Written by: Ranjita Padalia
The Pan Am and Parapan Am Games seemed to have brought life to Toronto and the GTA, causing all types of excitement. But with excitement come criticisms and hurdles that make the preparation and outcomes of the Games more intriguing.
Though the main goal of the Pan Am and Parapan Am Games serves the purpose of allowing almost 7000 athletes from Latin America, South America, the Caribbean, and North America to compete in the world’s third largest international multi-sport Games, it is also the goal of the organizers to attract and amaze countless attendees who choose to purchase tickets to watch these Games. Therefore, without a doubt, customer service plays a fundamental role in how successful the Pan Am and Parapan Am Games are in Toronto.
The overall cost to host the Pan Am and Parapan Am Games in Toronto was more than $2.5-billion, which is about a billion dollars more than the initial budget. Considering that $2.5-billion is more money than most will ever be able to experience in a lifetime, a budget with that size seems extensive, but once one acknowledges the individual costs of each project, constructing venues, and the overall running of the games, $2.5-billion seems like it makes sense. The organizers of the games and the Ontario government understand that they have to provide an exceptional experience to their customers, which is probably why the $2.5-billion, with $1.1-billion dollars coming from the government of Ontario, has likely been thought of as an investment in the future happiness of taxpayers.
The fireworks flying off the CN Tower was quite a sight to see, and though it is quite a memory for Torontonians and tourists to have, and I am sure they were likely expensive in their own right, there is a particular outcome of the Pan Am and Parapan Am Games that may stick with taxpayers for much longer- the infamous HOV Lanes.
It has recently been announced by Ontario Premier Kathleen Wynne that some of the new HOV lanes could possibly stay in the form of toll roads. Though they were temporarily brought to Toronto to assist traffic during the Games and though many people have complained about the dangers they have faced due to drivers becoming accustomed to the new lanes, others argue that since many people have had to adjust, why put their efforts to waste and remove the HOV lanes? The Canadian Taxpayers Federation went as far as to criticize permanent HOV lanes as a money grab. Who will the customers of the new HOV lanes be? Possibly the more well-off of Toronto, depending on where the HOV lanes will be kept, thus keeping the Government of Ontario’s customers at a very exclusive level.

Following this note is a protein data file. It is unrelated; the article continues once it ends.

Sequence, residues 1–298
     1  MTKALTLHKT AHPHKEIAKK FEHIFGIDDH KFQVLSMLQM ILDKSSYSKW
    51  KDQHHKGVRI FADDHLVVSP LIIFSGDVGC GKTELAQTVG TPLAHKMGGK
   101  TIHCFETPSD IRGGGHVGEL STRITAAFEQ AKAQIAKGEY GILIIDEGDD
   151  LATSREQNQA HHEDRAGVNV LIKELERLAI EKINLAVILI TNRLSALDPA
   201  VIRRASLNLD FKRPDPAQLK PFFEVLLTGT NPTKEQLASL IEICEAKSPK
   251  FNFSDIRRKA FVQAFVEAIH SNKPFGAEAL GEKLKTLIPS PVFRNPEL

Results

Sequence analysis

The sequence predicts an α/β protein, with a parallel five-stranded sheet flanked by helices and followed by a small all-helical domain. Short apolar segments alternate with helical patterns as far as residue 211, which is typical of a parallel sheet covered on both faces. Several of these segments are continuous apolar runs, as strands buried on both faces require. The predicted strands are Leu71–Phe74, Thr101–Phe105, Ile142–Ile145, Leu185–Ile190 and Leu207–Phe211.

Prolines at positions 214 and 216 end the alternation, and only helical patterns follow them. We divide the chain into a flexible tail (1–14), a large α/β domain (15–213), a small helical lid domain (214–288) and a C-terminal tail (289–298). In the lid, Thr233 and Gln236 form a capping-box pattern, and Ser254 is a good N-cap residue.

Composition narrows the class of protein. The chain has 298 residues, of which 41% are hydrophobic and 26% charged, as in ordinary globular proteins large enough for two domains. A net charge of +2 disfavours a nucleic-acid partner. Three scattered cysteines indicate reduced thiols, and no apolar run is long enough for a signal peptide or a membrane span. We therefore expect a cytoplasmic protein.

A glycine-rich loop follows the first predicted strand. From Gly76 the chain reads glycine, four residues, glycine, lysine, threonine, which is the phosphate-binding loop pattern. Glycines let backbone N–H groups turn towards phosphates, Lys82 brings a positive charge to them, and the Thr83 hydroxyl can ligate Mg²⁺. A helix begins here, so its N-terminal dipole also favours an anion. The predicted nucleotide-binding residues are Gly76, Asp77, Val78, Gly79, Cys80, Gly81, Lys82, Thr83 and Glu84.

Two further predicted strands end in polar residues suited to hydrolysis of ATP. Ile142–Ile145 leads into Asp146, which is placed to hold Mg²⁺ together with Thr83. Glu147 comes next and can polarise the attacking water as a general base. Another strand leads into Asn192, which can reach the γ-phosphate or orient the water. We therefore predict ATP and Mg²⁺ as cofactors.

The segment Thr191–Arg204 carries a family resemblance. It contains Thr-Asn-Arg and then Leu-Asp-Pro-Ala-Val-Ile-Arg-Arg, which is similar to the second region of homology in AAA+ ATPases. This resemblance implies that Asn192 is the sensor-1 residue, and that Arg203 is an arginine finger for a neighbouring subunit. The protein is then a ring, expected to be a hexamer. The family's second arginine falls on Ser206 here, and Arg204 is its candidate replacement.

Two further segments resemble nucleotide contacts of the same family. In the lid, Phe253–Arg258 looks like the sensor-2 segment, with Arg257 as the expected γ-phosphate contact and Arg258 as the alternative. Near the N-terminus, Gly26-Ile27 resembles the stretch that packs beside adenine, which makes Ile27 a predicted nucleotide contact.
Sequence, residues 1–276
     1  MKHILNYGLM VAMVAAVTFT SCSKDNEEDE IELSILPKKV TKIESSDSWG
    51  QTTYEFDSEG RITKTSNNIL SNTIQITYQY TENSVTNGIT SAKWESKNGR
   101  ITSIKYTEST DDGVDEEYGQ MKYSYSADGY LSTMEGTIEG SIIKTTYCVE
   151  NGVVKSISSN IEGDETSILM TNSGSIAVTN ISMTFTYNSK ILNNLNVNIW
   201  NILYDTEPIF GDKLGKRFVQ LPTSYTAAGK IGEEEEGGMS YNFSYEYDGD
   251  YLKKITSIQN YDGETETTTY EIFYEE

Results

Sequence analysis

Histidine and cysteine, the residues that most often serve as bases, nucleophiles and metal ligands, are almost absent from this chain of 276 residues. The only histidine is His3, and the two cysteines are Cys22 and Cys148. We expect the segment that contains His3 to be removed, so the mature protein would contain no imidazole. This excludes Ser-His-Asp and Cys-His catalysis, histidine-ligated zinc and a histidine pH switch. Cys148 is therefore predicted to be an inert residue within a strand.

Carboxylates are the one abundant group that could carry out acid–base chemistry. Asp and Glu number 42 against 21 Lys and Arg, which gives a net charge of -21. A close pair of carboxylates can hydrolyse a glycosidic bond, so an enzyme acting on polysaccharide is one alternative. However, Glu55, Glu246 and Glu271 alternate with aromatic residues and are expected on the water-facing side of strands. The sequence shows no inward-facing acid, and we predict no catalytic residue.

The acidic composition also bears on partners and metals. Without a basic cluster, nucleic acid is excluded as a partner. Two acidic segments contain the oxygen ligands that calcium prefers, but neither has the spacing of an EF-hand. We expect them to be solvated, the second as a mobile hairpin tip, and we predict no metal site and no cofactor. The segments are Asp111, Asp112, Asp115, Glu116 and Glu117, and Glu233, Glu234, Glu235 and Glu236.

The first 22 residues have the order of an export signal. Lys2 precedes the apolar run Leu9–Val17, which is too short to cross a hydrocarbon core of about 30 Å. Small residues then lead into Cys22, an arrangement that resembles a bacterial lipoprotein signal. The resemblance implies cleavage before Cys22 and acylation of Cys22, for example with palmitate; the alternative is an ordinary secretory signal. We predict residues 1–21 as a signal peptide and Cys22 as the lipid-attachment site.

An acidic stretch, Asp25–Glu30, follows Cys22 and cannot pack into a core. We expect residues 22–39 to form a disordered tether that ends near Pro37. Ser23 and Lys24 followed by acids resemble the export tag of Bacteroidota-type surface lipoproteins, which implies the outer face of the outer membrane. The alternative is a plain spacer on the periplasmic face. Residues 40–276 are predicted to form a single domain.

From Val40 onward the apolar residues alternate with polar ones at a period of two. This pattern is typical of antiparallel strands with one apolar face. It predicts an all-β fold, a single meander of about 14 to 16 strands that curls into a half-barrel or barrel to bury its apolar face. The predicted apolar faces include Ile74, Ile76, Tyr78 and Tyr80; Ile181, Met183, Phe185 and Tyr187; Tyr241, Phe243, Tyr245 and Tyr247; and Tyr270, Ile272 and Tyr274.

Of course, investments as large as the HOV lanes for the Pan Am and Parapan Am Games would not have been made unless there was a carefully thought out plan of the future uses and purposes of such large investments; the unspoken investor and customer, the taxpayer, need not worry themselves with such details, which is likely why the public have not been told of definite plans for Toronto’s future with its HOV lanes and new infrastructure due to this marvelous month-long event. But recently, Craig Greenham, an Olympic historian at the University of Windsor has stated that “Toronto is in the best position it has ever been to play host to the world” since Toronto’s investments have now provided pre-existing facilities to develop an acceptable space for future chances to hold other events, like the Olympics.
Will these investments fare well for Toronto, the GTA, and the customers served at the Pan Am and Parapan Am Games in the future? As Canadian citizens and Torontonians, I think it would be wise to listen to your customers’, anticipate their needs, and in the end, be defined by the experience that you provide for those that you serve.